Faceoffs: 66-for-132 / 50.0 percent (season: 51.4% / rank: 7th)
Two games, one over 50 percent, on under, two players finishing the week with more than 10 draws and a winning percentage over 50 percent (Nicklas Backstrom: 53.6 percent; Jay Beagle: 52.0 percent), two players finishing the week with at least ten draws and winning less than 50 percent of them (Lars Eller: 48.0 percent; Evgeny Kuznetsov: 45.7 percent). Little wonder that the Caps split 132 draws right down the middle (66 wins, 66 losses) for the week. If there was a noteworthy performance, it was Justin Williams against Vancouver. He won all six draws he took, including four in the offensive end.
Goals by Period:
If there is something the Caps still need work on, it is that second period. While they won the first and third periods of the week, they are still coming up short in the second period. It was another case of allowing as many goals in the second period (three) as in the first and third periods combined. Their minus-6 goal differential in the second periods of games is tied for the fourth-worst in the league. Given that the Caps are tied for the best first period goal differential (plus-6) and tied for the third-best third period goal differential, it’s clear that the second period is a problem that needs to be addressed.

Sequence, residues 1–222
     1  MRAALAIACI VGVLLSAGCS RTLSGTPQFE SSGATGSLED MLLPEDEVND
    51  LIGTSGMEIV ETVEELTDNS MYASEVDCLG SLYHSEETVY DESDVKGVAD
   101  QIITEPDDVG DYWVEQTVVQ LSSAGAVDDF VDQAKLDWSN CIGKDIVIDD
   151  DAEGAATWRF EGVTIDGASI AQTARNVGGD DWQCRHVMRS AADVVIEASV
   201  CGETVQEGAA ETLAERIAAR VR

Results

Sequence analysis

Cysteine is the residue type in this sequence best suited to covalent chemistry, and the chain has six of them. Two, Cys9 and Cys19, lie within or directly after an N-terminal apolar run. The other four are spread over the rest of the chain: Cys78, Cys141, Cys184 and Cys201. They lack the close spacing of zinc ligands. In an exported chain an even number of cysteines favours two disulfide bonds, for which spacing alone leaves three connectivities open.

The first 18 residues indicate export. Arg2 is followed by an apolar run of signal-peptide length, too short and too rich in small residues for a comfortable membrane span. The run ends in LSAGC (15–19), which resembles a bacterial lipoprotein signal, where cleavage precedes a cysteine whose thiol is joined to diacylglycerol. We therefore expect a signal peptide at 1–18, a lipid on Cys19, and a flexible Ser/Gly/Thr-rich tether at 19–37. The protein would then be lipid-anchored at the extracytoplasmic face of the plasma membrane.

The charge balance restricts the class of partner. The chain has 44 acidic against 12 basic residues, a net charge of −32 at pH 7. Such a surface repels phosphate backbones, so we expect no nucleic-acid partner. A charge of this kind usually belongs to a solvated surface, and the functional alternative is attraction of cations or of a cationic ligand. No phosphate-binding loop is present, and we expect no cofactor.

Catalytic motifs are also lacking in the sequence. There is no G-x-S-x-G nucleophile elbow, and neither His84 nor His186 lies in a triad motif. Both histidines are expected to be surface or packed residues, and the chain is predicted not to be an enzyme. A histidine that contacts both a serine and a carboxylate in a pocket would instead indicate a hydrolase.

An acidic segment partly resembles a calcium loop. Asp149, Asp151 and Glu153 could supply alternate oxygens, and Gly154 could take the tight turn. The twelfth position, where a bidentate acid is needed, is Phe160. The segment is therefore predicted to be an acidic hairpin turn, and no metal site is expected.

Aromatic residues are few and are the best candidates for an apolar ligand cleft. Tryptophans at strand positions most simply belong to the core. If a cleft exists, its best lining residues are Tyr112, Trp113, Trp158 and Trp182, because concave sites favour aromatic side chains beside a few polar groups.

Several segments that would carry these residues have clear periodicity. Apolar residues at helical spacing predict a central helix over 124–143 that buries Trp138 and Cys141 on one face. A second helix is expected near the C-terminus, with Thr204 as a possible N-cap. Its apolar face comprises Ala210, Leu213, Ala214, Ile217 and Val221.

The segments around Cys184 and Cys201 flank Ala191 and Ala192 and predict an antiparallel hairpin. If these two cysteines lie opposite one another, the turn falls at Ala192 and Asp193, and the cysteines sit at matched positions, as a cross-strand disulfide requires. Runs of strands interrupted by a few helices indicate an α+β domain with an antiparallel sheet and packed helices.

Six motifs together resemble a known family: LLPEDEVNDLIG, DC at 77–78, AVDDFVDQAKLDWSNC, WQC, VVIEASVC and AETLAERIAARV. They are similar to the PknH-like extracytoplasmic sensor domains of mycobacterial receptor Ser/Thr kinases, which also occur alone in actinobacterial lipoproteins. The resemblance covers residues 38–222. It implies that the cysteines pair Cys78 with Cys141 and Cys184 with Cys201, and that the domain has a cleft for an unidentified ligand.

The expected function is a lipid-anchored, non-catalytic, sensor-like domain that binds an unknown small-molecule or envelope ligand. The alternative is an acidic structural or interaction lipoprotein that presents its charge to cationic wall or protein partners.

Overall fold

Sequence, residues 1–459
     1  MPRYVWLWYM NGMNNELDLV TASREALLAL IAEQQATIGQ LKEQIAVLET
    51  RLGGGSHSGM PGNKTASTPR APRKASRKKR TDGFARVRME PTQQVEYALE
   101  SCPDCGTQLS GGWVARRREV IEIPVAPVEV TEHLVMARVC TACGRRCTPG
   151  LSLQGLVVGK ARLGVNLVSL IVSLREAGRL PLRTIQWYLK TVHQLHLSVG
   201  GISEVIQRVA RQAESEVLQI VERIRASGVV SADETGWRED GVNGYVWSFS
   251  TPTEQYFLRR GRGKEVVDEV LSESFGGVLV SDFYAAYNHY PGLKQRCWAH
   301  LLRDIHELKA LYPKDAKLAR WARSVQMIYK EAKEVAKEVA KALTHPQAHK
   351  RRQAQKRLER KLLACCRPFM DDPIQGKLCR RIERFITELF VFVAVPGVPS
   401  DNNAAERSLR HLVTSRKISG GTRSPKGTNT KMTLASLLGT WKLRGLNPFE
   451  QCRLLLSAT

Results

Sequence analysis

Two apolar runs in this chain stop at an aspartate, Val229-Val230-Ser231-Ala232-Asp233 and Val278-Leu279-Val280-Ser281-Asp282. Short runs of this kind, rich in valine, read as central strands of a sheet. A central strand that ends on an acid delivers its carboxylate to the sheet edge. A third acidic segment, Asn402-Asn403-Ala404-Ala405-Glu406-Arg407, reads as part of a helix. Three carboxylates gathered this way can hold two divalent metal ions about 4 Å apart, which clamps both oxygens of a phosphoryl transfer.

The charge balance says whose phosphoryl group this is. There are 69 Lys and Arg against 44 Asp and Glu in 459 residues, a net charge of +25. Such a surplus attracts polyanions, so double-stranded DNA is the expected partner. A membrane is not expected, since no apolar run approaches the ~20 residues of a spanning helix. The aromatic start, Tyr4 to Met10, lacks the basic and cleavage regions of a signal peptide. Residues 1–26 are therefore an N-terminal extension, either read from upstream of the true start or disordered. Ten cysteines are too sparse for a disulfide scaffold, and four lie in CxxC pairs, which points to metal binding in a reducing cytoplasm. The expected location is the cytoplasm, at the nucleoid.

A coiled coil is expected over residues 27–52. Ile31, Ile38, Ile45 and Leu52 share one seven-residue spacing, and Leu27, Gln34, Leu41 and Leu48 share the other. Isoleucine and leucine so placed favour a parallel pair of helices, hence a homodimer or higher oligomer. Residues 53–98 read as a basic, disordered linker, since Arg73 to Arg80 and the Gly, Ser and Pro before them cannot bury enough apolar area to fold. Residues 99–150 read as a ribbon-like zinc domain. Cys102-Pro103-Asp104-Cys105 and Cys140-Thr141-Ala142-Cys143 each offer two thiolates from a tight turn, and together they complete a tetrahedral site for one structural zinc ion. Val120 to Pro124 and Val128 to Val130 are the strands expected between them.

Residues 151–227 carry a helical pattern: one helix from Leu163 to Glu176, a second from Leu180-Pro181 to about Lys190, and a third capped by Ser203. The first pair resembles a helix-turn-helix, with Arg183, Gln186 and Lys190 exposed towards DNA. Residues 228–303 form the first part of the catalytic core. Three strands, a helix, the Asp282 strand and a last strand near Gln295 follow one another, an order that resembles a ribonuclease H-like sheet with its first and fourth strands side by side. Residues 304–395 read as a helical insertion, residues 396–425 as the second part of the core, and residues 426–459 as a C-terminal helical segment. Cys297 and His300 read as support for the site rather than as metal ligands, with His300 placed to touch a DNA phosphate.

In the end…
If you subscribe to the idea that you are only as good as your last game, then the Caps had a good week. Yeah well, that goes only so far. Splitting weeks is not the game plan, road trip notwithstanding. But look at it this way. The Caps have gone 33 consecutive weeks without a losing week (27 winning weeks and six .500 weeks) since Week 23 of the 2014-2015 season. That is some impressive consistency.
- First Star: Marcus Johansson (2-1-3, plus-2, game-winning goal, five shots on goal)
- Second Star: T.J. Oshie (1-1-2, plus-1, eight shots on goal, 12 shot attempts, two blocked shots)
- Third Star: Matt Niskanen (0-2-2, plus-2, three hits)